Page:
With situational ethics, who needs a savior?

How do we help a generation who has no sin see their need for a savior? A major part of our calling as youth workers is the vital task of evangelism. Unfortunately the tyranny of the urgent puts our true calling on the back burner. We have programs to run, bible studies to lead, and parents to keep happy. As great as these are to do, very few of us got into student ministry because we love programs and managing parents. Many of us got into student ministry because we have a heart for this broken and lost generation. We are cross cultural missionaries called to the field to connect with early and mid-adolescents so that, by any means necessary, they will come to know Jesus.

“I have become all things to all people so that by all possible means I might save some “ 1 Corinthians 9:22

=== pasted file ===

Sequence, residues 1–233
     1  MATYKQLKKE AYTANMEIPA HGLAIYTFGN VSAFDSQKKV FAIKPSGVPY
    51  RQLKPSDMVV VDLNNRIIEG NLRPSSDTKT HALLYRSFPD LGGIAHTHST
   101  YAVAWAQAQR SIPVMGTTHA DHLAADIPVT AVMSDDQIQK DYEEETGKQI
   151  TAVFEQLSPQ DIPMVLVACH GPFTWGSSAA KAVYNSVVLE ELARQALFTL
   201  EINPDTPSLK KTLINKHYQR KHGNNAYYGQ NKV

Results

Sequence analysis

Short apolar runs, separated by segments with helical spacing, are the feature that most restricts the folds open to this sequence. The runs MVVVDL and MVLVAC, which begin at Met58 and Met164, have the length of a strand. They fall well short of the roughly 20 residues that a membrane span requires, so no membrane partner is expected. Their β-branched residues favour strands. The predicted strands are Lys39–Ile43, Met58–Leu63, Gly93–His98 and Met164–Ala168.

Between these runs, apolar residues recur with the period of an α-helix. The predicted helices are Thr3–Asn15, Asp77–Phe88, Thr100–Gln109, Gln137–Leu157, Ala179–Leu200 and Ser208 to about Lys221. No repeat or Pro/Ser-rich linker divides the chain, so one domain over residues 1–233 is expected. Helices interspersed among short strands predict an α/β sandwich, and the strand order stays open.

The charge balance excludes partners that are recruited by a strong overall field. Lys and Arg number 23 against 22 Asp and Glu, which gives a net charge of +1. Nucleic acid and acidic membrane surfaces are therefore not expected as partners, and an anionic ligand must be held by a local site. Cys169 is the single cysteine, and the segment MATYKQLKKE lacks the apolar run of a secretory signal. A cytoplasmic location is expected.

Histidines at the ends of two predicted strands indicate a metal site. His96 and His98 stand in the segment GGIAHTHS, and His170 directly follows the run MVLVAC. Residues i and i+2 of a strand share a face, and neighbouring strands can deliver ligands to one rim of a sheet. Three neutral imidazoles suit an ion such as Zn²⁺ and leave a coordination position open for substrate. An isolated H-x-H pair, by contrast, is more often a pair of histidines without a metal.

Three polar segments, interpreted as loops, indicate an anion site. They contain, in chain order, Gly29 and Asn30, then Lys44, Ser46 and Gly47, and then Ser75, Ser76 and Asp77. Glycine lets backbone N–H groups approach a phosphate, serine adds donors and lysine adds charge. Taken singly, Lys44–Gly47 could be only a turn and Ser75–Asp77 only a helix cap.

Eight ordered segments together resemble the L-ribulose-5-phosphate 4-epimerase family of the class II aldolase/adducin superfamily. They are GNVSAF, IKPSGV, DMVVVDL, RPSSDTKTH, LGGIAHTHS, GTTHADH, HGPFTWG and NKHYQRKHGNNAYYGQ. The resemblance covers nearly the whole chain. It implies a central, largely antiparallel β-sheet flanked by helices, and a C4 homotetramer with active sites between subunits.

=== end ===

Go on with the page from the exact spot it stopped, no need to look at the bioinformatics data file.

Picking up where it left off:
Classic Evangelism: This verse sums up the classical understanding of evangelism. Simply we want people who don’t know Jesus yet to know him as their Lord and Savior. We want to use whatever means, whatever stories, whatever programs, whatever resources are needed to do it.

Classic Gospel: For the past 100 years, the story that has been developed is a simple,

compelling, and effective story. You may have heard of it. God loves us, but our sin separates us from him. Jesus, because of His love, took the punishment for our sin on himself. If we accept what Jesus did for us on the cross, then we will be saved and have eternal life. The classic gospel has proven to be very effective in our context where Christianity has been our national religion and story. But as our context becomes increasingly more post-christian this classic gospel has developed a classic problem.